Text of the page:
Beowulf pgs 3-22 - The narrator opens the poem with a...

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The narrator opens the poem with a discussion of Shield Sheafson, a great king of the ancient Danes and the founder of their royal line. He began life as a foundling (an infant abandoned by his parents) but quickly rose to be strong and powerful. All of the clans had to pay him tribute, and, when he died, he was honored with an elaborate funeral ceremony. His body was put into a boat, covered with treasures and armor, and cast off to sea. Shield Sheafson’s life ended as it began, with him cast adrift on the water. Sheafson’s son, the renowned Beow , inherited the kingdom after his father’s death. In time, Beow too passed away and Halfdane , his son, became king. After Halfdane, Hrothgar stepped forward to rule the Danes. Under Hrothgar, the kingdom prospered and enjoyed great military success, and Hrothgar decided to construct a monument to his success—a mead-hall where he would distribute booty to his retainers. The hall was called Heorot, and there the men gathered with their lord to drink mead, a beerlike beverage, and listen to the songs of the bards. For a time, the kingdom enjoyed peace and prosperity. But, one night, Grendel , a demon descended from Cain (who, according to the Bible, slew his brother Abel), emerged from the swampy lowlands, to listen to the nightly entertainment at Heorot. The bards’ songs about God’s creation of the earth angered the monster. Once the men in the mead-hall fell asleep, Grendel lumbered inside and slaughtered thirty men. Hrothgar’s warriors were powerless against him. The following night, Grendel struck again, and he has continued to wreak havoc on the Danes for twelve years. He has taken over Heorot, and Hrothgar and his men remain unable to challenge him. They make offerings at pagan shrines in hopes of harming Grendel, but their efforts are fruitless. The Danes endure constant terror, and their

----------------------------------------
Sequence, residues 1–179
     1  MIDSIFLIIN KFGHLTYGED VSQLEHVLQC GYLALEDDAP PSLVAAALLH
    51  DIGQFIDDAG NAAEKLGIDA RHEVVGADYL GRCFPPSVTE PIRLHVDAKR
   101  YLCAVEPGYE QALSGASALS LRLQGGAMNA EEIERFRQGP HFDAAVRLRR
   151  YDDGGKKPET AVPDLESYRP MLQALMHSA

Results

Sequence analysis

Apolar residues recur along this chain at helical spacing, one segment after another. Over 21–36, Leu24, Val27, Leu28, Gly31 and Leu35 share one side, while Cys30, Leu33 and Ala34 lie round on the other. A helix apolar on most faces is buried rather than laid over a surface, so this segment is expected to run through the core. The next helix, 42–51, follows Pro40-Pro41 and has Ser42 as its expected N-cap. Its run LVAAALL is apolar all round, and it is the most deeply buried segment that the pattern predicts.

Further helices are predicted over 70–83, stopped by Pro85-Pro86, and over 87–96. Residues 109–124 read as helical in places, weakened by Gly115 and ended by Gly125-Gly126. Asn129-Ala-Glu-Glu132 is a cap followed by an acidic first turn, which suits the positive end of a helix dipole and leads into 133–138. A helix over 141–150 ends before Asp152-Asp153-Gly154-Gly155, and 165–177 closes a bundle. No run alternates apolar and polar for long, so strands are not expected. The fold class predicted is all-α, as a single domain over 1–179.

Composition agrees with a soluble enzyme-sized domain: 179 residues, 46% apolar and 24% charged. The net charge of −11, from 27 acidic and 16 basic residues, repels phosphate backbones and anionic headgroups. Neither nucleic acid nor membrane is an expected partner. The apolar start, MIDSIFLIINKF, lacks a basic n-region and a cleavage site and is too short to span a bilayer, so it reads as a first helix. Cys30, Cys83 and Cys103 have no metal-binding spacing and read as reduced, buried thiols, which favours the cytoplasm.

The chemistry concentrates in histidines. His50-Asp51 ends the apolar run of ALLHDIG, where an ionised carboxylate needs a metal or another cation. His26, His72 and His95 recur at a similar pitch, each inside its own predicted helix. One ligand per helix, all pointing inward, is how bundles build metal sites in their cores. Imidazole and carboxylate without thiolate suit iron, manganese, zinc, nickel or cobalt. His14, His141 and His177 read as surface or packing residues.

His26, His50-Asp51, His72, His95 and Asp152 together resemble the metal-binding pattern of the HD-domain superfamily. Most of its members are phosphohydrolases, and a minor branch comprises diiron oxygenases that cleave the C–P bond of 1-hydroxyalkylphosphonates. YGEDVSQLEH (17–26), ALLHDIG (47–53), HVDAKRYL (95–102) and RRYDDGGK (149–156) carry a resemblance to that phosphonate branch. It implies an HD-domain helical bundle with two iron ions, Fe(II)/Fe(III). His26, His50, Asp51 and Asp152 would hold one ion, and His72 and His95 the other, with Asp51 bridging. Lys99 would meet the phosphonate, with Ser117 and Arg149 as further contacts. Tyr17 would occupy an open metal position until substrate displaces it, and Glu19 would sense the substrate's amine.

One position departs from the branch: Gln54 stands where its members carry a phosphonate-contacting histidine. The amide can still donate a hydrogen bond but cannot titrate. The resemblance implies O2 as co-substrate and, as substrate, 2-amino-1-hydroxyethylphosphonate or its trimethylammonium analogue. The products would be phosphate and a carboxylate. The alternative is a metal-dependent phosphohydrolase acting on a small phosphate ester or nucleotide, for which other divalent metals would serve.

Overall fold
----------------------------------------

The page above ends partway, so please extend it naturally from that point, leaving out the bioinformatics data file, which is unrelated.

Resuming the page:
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This note was uploaded on 04/14/2010 for the course ENGL 104 taught by Professor Osbourne during the Spring '08 term at A.T. Still University.

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Beowulf pgs 3-22 - The narrator opens the poem with a...

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